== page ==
Automatic SSH access, with encrypted keys

by hobbitalastair

I spent an afternoon recently with the aim of ‘fixing’ my current SSH setup. Basically, what I have at the moment is keychain, which prompts for authentication after the first login. After that, it sits in the background, allowing me to have encrypted keys without having to enter my password multiple times.

This has its flaws; namely, it relies on me having logged in via getty, and prompts for a password, ontop of the password for login. As I have been contemplating investigating options for a graphical login manager, I’d like to swap to a PAM based authentication method – which, I believe, is used by all login methods. This means that ssh, getty, and GUI logins managers would all authenticate the keys!

Great, but what about allowing automatic services using SSH – such as backups – to be authenticated automatically?

Luckily, due to their very nature, they don’t need anything other than a user login. After all, no backups will need to be done if nothing has changed, right? Well, at least for the kind of backups I’m trying to do…

I believe that the trick is to use a SSH agent which is persistent across all user logins. This is accomplished by creating a systemd user service, which shares the environment variables required by ssh-agent, such as this one on Github. This essentially has the same functionality as keychain, except that it is systemd specific.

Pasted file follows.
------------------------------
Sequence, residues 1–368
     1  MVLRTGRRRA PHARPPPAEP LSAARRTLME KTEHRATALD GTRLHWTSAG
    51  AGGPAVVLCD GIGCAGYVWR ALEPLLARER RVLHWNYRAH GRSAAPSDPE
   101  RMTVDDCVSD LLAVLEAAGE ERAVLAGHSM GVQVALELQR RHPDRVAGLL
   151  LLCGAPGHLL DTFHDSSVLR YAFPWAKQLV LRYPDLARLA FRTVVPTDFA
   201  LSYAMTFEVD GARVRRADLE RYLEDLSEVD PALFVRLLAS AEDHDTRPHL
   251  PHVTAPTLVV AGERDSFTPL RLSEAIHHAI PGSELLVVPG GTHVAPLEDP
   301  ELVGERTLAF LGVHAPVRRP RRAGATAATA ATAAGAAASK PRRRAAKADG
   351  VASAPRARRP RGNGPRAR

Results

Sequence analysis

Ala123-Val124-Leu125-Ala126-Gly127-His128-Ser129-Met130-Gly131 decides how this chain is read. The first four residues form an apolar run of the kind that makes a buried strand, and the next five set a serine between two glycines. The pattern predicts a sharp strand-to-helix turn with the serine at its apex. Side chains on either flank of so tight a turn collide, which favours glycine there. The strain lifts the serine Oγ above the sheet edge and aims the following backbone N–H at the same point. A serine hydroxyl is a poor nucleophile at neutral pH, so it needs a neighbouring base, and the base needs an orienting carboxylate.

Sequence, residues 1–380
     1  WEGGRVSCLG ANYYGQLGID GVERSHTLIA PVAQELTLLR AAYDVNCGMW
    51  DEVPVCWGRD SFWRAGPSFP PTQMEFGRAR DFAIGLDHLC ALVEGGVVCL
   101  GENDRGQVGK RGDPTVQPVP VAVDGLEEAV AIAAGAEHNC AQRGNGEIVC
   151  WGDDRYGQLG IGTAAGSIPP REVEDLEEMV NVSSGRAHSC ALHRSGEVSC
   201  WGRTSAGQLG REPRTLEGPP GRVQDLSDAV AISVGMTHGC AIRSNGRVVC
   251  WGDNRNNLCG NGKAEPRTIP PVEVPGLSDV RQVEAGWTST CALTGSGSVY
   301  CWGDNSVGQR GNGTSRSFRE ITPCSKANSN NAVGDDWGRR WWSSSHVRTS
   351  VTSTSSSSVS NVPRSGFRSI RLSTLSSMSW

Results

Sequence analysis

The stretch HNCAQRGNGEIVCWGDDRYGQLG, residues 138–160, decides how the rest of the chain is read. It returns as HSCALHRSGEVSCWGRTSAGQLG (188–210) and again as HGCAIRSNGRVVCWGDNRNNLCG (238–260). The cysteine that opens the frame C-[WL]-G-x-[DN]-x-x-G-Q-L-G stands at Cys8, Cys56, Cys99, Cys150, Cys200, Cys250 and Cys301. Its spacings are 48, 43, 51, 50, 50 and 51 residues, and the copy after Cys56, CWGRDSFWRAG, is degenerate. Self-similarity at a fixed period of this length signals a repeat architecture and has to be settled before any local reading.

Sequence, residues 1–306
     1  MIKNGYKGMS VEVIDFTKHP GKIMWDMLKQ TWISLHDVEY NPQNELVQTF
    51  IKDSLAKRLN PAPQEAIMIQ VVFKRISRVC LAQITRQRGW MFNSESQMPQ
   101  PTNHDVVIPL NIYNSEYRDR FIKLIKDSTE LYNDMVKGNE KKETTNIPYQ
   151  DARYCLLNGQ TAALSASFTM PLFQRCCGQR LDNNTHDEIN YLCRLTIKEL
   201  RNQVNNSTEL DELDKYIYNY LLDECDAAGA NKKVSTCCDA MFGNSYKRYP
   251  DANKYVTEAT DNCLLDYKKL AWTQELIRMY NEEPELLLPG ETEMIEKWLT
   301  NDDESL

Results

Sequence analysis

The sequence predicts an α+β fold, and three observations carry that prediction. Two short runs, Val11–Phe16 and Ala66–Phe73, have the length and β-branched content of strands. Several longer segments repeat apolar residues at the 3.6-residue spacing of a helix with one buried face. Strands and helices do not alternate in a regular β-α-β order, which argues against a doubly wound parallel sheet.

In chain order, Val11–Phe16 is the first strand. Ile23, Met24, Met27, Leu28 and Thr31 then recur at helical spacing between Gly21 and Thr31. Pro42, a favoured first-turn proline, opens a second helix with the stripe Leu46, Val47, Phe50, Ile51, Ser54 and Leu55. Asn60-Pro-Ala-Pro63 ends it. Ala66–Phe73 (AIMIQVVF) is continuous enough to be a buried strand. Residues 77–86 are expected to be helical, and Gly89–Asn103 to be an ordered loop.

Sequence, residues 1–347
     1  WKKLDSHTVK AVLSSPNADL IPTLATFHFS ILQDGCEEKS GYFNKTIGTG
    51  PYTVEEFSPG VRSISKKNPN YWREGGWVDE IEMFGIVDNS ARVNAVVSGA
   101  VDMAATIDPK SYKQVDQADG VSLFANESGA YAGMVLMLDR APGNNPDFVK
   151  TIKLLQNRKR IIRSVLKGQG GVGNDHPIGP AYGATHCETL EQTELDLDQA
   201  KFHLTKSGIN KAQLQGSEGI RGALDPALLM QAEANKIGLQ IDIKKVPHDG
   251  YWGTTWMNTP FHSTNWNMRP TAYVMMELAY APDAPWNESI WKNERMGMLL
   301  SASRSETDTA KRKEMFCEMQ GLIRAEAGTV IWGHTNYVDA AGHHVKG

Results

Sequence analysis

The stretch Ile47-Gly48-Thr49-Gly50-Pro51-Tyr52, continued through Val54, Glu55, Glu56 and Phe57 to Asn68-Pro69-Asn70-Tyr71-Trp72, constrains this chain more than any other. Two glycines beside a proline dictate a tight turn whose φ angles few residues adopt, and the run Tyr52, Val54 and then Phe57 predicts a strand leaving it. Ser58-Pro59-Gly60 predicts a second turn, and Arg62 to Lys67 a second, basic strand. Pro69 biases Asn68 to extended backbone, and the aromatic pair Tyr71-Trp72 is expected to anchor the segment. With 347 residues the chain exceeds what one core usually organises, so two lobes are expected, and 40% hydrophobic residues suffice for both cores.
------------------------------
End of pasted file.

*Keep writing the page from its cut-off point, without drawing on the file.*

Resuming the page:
However, coupled with pam_exec, I believe it is possible to automatically unlock SSH keys from login, and add them to the sole running ssh-agent process – see here for an example script.

A project for a weekend, perhaps…


Something worthwhile recording here, in case I need it later, is the current scheme for easy key management across my computers.

  • Key 1: Computer dependent, all of which are added to a shared authorized keys file.
  • Key 2: Computer independent, used for Github and Bitbucket logins. It’s not hard for me to revoke it if required…
  • Key 3: Remote access?

It’s not particularly wise to have a shared key for Bitbucket and Github, but since I don’t believe I can change the online authorized keys except via a GUI, it’s probably the easier method? For not-so-secure computers, though, I’d want to generate a unique local key.

EDIT: I’d also like to move the .ssh directory to .config/ssh, if possible. But that’s possibly a project for another day..

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